0
We're unable to sign you in at this time. Please try again in a few minutes.
Retry
We were able to sign you in, but your subscription(s) could not be found. Please try again in a few minutes.
Retry
There may be a problem with your account. Please contact the AMA Service Center to resolve this issue.
Contact the AMA Service Center:
Telephone: 1 (800) 262-2350 or 1 (312) 670-7827  *   Email: subscriptions@jamanetwork.com
Error Message ......
ARTICLE |

STAPHYLOCOCCUS AUREUS PNEUMONIA

H. T. CHICKERING, M.D. (New York); JAMES H. PARK Jr., M.D. (Houston, Texas)
JAMA. 1919;72(9):617-626. doi:10.1001/jama.1919.02610090001001.
Text Size: A A A
Published online

In the standard textbooks the staphylococcus is usually noted among other micro-organisms as a possible etiologic agent in the production of bronchopneumonia. A detailed description of the clinical picture of the disease associated with the presence of this organism in the lung has thus far failed to come to our attention. This is no doubt due in part to the relative rarity of this infection as encountered in civil practice, and possibly to the lack of careful study of the bacteriology of acute respiratory affections until but recently. How rarely Staphylococcus aureus infection of the lung occurs and how grave the prognosis is may best be stated by noting that in a series of about 800 cases of pneumonia, drawn from all classes of the population of New York City, only thirteen cases were treated at the hospital of the Rockefeller Institute under the direction of Dr. Rufus Cole, in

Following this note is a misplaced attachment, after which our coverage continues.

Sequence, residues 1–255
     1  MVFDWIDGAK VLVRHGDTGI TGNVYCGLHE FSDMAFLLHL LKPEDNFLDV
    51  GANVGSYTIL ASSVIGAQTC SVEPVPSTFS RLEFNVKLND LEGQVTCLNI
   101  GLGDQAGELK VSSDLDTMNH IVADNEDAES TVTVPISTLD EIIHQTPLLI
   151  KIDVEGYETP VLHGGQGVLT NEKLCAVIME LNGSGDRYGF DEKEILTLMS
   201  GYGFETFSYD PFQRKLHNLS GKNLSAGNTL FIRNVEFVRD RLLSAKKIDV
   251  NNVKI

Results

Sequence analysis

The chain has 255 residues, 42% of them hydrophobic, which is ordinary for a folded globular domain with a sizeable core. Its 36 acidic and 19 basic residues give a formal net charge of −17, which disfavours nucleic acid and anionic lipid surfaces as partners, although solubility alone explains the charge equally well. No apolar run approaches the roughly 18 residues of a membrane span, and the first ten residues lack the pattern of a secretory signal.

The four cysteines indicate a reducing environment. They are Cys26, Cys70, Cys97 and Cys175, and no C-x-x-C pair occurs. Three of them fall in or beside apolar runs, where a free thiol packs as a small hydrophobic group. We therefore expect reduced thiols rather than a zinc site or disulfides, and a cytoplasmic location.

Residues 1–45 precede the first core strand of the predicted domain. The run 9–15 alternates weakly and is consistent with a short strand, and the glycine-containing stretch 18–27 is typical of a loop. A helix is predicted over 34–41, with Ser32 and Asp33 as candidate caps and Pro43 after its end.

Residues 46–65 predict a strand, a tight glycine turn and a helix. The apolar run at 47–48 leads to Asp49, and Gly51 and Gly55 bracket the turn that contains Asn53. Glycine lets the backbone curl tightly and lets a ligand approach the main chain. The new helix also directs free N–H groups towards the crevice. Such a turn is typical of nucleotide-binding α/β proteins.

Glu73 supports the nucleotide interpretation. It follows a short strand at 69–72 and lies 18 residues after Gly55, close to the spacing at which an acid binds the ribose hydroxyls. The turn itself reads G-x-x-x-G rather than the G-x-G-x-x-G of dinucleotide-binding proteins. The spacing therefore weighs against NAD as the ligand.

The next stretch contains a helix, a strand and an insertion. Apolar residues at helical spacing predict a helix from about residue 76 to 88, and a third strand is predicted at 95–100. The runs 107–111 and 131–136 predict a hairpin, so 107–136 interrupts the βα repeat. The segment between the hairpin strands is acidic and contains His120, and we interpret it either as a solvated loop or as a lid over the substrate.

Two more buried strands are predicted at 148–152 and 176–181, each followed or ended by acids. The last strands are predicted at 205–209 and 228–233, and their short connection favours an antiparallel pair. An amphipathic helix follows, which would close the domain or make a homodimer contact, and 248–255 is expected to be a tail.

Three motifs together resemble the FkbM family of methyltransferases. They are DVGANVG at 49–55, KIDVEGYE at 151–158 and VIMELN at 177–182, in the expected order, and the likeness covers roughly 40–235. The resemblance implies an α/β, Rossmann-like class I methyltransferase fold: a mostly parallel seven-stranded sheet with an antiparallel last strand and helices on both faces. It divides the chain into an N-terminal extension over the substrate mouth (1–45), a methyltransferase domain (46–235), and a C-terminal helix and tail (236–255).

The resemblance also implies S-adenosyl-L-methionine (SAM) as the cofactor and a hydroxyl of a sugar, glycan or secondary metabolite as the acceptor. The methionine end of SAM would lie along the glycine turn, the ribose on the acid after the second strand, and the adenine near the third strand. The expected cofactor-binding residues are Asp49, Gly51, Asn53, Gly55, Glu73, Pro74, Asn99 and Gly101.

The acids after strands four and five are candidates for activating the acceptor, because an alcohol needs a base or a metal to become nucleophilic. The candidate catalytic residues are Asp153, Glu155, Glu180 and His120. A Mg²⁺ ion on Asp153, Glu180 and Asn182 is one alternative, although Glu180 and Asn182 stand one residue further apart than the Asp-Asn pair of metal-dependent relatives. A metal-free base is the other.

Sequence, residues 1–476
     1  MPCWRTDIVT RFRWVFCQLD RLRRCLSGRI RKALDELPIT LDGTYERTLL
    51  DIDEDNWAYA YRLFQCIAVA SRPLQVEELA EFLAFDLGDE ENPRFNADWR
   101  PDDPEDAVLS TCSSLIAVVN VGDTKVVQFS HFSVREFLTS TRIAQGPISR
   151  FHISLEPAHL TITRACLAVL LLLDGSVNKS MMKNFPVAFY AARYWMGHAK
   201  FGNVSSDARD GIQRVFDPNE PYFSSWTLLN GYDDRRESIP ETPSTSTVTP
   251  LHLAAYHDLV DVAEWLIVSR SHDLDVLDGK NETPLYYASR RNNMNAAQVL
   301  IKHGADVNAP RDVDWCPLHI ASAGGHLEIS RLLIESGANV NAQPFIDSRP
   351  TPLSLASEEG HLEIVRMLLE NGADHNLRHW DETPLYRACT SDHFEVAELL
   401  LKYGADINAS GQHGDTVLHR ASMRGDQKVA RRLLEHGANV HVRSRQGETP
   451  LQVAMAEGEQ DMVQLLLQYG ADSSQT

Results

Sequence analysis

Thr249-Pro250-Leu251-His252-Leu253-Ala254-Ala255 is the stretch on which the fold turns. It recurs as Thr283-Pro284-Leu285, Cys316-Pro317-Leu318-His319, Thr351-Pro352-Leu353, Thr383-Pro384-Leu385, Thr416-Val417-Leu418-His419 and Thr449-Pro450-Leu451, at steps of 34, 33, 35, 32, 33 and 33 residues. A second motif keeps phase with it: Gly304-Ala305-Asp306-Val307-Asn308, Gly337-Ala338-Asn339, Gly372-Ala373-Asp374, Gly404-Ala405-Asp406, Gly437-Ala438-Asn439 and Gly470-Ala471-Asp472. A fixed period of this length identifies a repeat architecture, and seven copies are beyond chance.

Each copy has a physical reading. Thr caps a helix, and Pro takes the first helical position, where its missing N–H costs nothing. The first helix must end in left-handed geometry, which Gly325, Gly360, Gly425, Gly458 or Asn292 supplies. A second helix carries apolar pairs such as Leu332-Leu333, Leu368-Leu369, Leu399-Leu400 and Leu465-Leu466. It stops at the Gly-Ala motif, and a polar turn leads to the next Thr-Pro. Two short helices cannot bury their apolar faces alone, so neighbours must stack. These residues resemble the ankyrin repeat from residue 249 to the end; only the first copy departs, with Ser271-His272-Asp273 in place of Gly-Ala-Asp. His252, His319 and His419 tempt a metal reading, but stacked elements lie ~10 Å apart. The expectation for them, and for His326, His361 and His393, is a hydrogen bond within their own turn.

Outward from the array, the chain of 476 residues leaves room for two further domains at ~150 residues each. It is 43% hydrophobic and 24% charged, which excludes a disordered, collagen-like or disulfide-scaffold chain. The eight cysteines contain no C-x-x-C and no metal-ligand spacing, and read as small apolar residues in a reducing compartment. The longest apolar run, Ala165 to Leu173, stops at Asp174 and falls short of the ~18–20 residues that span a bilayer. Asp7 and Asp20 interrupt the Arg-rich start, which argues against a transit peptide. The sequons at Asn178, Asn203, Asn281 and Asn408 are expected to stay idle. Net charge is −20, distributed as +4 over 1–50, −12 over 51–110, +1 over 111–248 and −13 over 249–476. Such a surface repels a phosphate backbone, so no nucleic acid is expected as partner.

Topics

Sign in

Create a free personal account to sign up for alerts, share articles, and more.

Purchase Options

• Buy this article
• Subscribe to the journal

First Page Preview

View Large
First page PDF preview

Figures

Tables

References

Letters

CME
Meets CME requirements for:
Browse CME for all U.S. States
Accreditation Information
The American Medical Association is accredited by the Accreditation Council for Continuing Medical Education to provide continuing medical education for physicians. The AMA designates this journal-based CME activity for a maximum of 1 AMA PRA Category 1 CreditTM per course. Physicians should claim only the credit commensurate with the extent of their participation in the activity. Physicians who complete the CME course and score at least 80% correct on the quiz are eligible for AMA PRA Category 1 CreditTM.
Note: You must get at least of the answers correct to pass this quiz.
You have not filled in all the answers to complete this quiz
The following questions were not answered:
Sorry, you have unsuccessfully completed this CME quiz with a score of
The following questions were not answered correctly:
Commitment to Change (optional):
Indicate what change(s) you will implement in your practice, if any, based on this CME course.
Your quiz results:
The filled radio buttons indicate your responses. The preferred responses are highlighted
For CME Course: A Proposed Model for Initial Assessment and Management of Acute Heart Failure Syndromes
Indicate what changes(s) you will implement in your practice, if any, based on this CME course.

Multimedia

Some tools below are only available to our subscribers or users with an online account.

Sign in

Create a free personal account to sign up for alerts, share articles, and more.

Purchase Options

• Buy this article
• Subscribe to the journal

Related Content

Customize your page view by dragging & repositioning the boxes below.

Jobs
brightcove.createExperiences();